IU Maurer prof elected to governing council of Hague Academy

Hannah L. Buxbaum, vice president for international affairs at Indiana University and the John E. Schiller Chair in Legal Ethics at the IU Maurer School of Law, has been elected to the Curatorium of the Hague Academy of International Law.

Founded in 1923, the Hague Academy of International Law is a center for high-level education in both public and private international law housed in the Peace Palace in The Hague, the Netherlands. The Curatorium determines the scientific policy and the activities of the academy, designs its programs, and chooses lecturers from among the most highly renowned academics and international practitioners.

Buxbaum joins an elite group of 17 international scholars and practitioners on the Curatorium, including three current or former judges from the International Court of Justice, the president of the Institut de Droit International and the vice president of the European Court of Human Rights. Yves Daudet, emeritus professor at Sorbonne Law School, is president of the Curatorium, having succeeded the late Boutros Boutros-Ghali, former secretary-general of the United Nations. No more than one member at a time from any given country may serve on the Curatorium.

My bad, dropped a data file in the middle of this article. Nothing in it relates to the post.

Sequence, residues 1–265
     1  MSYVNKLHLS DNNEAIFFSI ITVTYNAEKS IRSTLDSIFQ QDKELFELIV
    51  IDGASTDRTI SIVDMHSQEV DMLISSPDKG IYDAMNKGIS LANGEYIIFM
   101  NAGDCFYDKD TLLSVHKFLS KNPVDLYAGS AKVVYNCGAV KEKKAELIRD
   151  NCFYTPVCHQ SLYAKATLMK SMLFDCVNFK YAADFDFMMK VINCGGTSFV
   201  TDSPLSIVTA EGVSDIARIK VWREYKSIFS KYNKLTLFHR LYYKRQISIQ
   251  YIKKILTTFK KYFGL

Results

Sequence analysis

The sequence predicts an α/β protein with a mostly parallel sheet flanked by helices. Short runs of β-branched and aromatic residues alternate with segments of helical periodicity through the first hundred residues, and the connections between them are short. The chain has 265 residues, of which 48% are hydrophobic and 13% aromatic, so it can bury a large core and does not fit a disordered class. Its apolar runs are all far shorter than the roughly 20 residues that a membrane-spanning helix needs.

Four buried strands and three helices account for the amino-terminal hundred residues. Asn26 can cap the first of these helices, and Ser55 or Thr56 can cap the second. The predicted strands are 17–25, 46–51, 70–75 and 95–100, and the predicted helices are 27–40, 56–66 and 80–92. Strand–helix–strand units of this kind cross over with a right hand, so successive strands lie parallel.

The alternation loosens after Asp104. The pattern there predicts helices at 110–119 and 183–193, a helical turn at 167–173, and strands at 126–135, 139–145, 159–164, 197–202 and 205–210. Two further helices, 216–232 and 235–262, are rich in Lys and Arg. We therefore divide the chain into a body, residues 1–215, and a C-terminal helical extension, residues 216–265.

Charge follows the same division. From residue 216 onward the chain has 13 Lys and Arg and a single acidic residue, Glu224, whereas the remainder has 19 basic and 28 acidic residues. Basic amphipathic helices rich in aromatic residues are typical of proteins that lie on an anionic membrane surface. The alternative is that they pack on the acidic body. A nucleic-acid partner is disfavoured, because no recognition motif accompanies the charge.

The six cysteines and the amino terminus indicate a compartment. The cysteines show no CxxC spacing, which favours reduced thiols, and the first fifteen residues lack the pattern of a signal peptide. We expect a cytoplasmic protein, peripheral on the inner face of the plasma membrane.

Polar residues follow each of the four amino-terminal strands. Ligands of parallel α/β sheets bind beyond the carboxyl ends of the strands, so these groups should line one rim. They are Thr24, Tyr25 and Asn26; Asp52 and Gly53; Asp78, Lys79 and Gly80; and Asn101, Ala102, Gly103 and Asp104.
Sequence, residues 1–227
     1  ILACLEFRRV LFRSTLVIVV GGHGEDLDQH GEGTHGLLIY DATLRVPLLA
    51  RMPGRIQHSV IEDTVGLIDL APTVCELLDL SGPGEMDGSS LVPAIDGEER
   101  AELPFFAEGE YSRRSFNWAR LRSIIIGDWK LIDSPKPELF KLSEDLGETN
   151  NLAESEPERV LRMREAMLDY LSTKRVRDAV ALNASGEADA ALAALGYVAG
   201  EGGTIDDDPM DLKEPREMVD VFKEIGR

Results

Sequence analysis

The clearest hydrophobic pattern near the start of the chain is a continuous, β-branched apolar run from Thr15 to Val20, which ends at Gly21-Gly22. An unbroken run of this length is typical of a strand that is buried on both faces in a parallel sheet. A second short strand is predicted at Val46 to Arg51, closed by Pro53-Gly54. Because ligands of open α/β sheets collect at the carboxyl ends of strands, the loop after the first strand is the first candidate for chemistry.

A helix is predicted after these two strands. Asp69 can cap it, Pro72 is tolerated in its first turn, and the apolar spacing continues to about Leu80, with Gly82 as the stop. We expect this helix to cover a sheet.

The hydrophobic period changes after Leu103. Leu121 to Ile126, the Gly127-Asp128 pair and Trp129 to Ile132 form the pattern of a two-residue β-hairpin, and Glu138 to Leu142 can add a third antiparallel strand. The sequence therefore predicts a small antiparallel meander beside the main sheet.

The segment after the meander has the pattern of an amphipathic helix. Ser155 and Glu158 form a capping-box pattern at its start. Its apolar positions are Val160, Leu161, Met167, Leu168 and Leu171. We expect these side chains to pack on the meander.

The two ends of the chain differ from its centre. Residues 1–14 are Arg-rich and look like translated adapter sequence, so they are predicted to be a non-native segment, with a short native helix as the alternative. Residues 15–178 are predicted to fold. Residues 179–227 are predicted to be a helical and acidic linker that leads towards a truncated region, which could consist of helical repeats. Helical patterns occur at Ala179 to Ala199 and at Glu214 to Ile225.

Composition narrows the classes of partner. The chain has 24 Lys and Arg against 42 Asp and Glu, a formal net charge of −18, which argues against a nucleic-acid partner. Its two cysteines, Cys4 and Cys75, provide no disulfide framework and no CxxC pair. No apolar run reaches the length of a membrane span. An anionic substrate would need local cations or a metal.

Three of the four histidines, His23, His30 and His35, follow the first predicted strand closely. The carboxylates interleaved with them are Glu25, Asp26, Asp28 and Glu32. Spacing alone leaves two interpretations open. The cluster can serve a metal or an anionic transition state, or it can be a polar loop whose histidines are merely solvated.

"Being elected to the Curatorium is a great honor, both personally and professionally," Buxbaum said. "I hope that my participation will help further the academy's work while advancing Indiana University's reputation as a global research institution."

An expert on private international law and international litigation and jurisdiction, Buxbaum has taught courses on international regulatory law in the academy's renowned summer courses program. Over the course of her teaching career, she has held visiting appointments at a number of foreign universities, including Humboldt University, the University of Cologne and Université Paris II, Panthéon-Assas. She is also co-author of a leading casebook on international business transactions.

 Photo by James Brosher, Indiana University